- Just Food Podcast - Episode 2 - Black Slow Food: A Local Food Story. In the second episode of Victoria Ginzburg’s Just Food Podcast, she invites Chef Isaiah Martinez to talk about his experience being an Afro-Caribbean man embracing slow food values while cooking up multicultural meals in the Pacific Northwest. He talks about not only his background, but also his business practices in his effort to be more sustainable and mindful. Listen to the podcast on Spotify, Apple Podcasts, or SoundCloud.
- A Guerilla Gardener in South Central LA - TEDTalk. Ron Finley plants vegetable gardens in South Central LA — in abandoned lots, traffic medians, along the curbs. Why? For fun, for defiance, for beauty and to offer some alternative to fast food in a community where "the drive-thrus are killing more people than the drive-bys." Watch the TEDTalk here.
- The Next Big Thing is Coming from the Bronx, Again - TEDTalk "The hood is good," says Jon Gray of the Bronx, New York-based creative collective Ghetto Gastro. Working at the intersection of food, design and art, Gray and his team honor the soul and history of their community while applying their unbridled creativity and expansive imagination to unexpected, otherworldly collaborations. Learn more about how they're creating and investing in their home borough — bringing the Bronx to the world and vice versa. Watch the TEDTalk here.
Books to Dive Into
- Emergent Strategy by Adrienne Maree Brown. Inspired by Octavia Butler's explorations of our human relationship to change, Emergent Strategy is radical self-help, society-help, and planet-help designed to shape the futures we want to live.
- Black Food Matters: Racial Justice in the Wake of Food Justice by Editors Ashanté M. Reese and Hanna Garth. For Black Americans, the food system is broken. When it comes to nutrition, Black consumers experience an unjust and inequitable distribution of resources. Black Food Matters examines these issues through in-depth essays that analyze how Blackness is contested through food, differing ideas of what makes our sustenance "healthy," and Black individuals' own beliefs about what their cuisine should be.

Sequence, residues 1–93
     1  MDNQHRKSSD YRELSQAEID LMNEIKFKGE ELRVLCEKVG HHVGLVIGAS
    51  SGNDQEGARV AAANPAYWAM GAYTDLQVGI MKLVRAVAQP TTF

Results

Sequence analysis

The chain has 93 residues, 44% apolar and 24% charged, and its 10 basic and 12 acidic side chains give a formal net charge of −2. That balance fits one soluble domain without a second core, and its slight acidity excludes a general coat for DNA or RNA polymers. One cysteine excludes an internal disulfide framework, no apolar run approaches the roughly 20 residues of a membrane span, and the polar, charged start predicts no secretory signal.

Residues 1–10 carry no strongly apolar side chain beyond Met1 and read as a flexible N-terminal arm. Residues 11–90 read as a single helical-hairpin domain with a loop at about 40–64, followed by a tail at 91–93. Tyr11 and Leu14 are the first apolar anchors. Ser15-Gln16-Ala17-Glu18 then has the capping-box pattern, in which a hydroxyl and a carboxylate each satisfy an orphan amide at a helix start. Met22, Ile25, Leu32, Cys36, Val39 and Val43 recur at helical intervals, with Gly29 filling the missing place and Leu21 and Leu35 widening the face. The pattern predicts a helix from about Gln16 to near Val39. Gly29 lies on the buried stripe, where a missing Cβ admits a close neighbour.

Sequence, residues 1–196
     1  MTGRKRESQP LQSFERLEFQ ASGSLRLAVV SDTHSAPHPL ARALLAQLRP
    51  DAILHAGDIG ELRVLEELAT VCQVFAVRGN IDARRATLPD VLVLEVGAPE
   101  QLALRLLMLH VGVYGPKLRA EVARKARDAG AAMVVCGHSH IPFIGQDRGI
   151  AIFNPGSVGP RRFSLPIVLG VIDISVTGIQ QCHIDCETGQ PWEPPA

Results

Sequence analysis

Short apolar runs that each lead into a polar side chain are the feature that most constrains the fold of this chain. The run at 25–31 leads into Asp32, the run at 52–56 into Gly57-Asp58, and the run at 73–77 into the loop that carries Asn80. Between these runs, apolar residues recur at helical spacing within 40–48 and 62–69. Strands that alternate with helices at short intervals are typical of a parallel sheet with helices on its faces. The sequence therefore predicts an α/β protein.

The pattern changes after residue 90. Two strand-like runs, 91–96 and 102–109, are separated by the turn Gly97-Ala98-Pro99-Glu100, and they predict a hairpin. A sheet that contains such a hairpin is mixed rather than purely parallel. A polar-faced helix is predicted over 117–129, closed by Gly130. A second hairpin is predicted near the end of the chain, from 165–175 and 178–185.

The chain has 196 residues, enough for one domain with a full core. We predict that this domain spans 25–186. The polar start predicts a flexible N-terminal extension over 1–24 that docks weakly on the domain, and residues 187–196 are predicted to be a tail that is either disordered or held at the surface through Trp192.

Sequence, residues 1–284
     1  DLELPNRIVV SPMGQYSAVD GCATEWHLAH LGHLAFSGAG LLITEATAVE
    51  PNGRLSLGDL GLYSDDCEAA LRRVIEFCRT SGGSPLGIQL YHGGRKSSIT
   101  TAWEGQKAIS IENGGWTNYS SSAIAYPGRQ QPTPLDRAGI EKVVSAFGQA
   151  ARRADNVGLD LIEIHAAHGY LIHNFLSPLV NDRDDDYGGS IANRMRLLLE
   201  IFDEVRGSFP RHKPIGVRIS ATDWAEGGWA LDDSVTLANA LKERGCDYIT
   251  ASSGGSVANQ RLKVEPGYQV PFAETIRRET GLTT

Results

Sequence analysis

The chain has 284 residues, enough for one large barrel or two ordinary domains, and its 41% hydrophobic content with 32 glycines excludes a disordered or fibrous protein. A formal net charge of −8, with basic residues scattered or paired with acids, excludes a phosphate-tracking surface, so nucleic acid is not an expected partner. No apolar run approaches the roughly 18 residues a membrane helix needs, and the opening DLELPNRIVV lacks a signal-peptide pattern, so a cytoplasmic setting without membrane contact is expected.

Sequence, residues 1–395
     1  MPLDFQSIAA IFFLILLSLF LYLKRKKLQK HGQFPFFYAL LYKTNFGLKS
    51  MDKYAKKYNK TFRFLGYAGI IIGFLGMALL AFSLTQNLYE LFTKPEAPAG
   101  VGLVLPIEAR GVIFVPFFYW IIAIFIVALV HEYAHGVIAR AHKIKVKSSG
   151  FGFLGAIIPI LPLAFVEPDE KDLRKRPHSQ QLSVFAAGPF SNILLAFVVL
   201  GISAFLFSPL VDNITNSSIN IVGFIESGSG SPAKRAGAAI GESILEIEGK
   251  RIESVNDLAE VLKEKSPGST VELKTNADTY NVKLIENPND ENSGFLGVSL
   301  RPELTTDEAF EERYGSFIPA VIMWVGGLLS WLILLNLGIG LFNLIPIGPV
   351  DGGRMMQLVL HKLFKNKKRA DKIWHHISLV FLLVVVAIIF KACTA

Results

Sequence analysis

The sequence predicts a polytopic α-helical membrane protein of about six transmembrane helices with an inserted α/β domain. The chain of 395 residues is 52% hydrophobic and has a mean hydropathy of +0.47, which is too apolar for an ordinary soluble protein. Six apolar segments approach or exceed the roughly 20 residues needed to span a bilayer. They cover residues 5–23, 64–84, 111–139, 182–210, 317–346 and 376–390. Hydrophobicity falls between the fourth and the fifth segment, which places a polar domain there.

- A Black Women's History of the United States by Daina Ramey Berry & Kali Nicole Gross. A vibrant and empowering history that emphasizes the perspectives and stories of African American women to show how they are—and have always been—instrumental in shaping our country.
- Belly of the Beast: The Politics of Anti-Fatness as Anti-Blackness byDa’Shaun L. Harrison. Da’Shaun Harrison–a fat, Black, disabled, and nonbinary trans writer–offers an incisive, fresh, and precise exploration of anti-fatness as anti-Blackness.
While there are just a few days left of Black History Month 2023, our commitment to listening to and lifting up Black voices and leadership in farm to school doesn't stop at the end of February. Every day is the right day for learning more, being honest about and addressing the racism and inequities in our work. You can read more about National Farm to School Network's commitment to centering our work in equity here, and read more about our Call to Action here.